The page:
Presbycusis is the loss of hearing that occurs as we age. Hearing loss is a common disorder associated with aging. About 30-35 percent of adults between the ages of 65 and 75 years have a hearing loss. An estimated that 40-50 percent of people 75 and older have a hearing loss.
For most people presbycusis is an insidious disease, it doesn’t happen overnight. The progression of an age-related hearing loss can extend over a great deal of time, sometimes years. And it’s because of this that the symptoms of an age-related hearing loss can be easy to miss, at least in the early stages of the disease.
Causes of Age-Related Hearing Loss
There is no known single cause of presbycusis. The following factors may contribute to age-related hearing loss:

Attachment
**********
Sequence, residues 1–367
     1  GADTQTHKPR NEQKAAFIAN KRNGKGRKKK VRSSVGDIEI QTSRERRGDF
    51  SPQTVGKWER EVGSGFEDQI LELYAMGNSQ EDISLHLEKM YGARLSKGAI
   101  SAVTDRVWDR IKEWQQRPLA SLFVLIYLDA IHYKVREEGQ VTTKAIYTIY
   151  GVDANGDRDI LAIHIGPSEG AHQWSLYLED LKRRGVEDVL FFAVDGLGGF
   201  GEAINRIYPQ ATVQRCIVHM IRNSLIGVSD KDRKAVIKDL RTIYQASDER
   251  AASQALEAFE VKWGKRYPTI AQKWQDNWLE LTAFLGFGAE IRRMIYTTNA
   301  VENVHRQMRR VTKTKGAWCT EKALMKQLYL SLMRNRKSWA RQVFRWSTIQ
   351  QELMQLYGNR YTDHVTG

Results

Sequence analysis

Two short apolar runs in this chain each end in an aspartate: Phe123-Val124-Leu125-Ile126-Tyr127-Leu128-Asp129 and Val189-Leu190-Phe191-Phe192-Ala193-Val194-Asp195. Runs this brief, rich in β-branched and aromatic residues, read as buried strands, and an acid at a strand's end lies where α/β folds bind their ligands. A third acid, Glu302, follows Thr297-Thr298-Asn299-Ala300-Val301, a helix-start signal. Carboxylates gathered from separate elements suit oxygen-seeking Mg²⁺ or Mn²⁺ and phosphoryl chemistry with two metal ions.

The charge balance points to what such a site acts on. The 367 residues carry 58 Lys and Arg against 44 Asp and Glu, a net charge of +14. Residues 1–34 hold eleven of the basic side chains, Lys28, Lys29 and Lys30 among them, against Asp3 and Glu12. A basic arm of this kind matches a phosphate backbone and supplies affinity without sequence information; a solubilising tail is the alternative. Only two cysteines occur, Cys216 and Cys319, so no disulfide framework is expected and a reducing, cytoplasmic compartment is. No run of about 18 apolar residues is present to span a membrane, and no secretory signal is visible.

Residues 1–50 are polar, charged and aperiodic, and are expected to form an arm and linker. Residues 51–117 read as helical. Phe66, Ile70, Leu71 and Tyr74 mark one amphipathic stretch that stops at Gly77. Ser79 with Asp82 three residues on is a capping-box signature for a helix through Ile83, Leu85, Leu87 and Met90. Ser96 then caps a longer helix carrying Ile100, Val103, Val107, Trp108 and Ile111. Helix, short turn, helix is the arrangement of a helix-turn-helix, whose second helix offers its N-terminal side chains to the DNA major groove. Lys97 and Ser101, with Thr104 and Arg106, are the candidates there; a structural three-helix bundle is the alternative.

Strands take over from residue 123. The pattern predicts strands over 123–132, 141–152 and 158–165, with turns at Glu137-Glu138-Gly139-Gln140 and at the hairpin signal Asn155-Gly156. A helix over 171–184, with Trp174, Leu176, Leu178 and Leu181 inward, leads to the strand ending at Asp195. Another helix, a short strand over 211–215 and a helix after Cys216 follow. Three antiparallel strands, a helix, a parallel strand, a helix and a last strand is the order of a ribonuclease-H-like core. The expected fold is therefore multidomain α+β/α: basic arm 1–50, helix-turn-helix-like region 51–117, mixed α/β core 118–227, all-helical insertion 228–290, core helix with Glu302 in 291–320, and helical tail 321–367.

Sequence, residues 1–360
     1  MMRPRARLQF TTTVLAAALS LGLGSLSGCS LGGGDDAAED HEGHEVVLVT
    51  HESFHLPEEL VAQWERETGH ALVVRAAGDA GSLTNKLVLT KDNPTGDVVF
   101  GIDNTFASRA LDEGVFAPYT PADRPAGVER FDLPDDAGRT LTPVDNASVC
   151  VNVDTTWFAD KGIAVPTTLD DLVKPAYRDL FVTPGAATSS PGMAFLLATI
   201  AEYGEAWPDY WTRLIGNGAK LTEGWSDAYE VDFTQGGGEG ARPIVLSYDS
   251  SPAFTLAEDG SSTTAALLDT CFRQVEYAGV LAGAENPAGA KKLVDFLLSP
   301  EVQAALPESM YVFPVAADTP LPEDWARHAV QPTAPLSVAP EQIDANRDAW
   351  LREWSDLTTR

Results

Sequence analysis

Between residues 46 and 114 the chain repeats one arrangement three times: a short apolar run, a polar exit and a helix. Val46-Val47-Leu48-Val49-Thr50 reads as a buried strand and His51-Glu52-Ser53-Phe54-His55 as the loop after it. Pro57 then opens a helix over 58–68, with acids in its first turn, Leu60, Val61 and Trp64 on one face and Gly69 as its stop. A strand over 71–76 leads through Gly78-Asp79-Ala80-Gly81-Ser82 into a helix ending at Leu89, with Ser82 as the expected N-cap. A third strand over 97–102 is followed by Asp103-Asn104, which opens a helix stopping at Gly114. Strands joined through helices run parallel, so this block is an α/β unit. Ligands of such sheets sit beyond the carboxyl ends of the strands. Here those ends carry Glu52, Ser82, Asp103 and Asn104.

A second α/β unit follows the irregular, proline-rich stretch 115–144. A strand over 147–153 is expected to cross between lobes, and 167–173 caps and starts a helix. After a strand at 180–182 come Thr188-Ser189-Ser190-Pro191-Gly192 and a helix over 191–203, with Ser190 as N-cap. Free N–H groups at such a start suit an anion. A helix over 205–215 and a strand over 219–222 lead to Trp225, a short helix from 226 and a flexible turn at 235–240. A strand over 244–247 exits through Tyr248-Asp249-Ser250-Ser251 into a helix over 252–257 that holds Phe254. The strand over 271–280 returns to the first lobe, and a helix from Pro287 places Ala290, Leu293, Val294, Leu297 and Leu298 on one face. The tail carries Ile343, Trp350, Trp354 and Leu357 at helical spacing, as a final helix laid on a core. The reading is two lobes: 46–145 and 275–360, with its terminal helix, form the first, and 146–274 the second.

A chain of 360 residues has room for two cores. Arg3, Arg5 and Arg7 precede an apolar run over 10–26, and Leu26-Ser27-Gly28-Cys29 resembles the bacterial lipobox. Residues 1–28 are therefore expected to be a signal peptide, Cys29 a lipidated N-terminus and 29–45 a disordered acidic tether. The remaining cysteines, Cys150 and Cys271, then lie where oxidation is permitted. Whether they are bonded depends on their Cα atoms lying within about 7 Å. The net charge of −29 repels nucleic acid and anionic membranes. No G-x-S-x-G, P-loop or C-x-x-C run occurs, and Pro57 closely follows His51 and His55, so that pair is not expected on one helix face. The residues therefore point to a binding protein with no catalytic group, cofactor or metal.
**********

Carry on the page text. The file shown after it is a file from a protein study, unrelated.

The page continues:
- Genetics (family history of hearing loss)
- Excessive exposure to noise
- Certain medical conditions (diabetes, hypertension and heart disease)
- Certain medicines (antibiotics, aspirin, chemotherapy drugs)
Symptoms of Age-Related Hearing Loss
The following are the most common symptoms of presbycusis. However, each individual may experience symptoms differently. Symptoms may include:
- Speech of others sounds mumbled or slurred
- High-pitched sounds, such as “s” or “th” are hard to distinguish
- Conversations are difficult to understand, especially when there is background noise
- Men’s voices are easier to hear than women’s
- Some sounds seem overly loud and annoying
- Tinnitus (ringing in the ears) may occur in one or both ears
Treatment for Age-Related Hearing Loss
Although Presbycusis is not curable, the effects of the disease on patients’ lives can be lessened most noticeably by using hearing aids. Properly fit hearing aids may contribute significantly to the rehabilitation of a patient with presbycusis.
Source NIH: NIDCD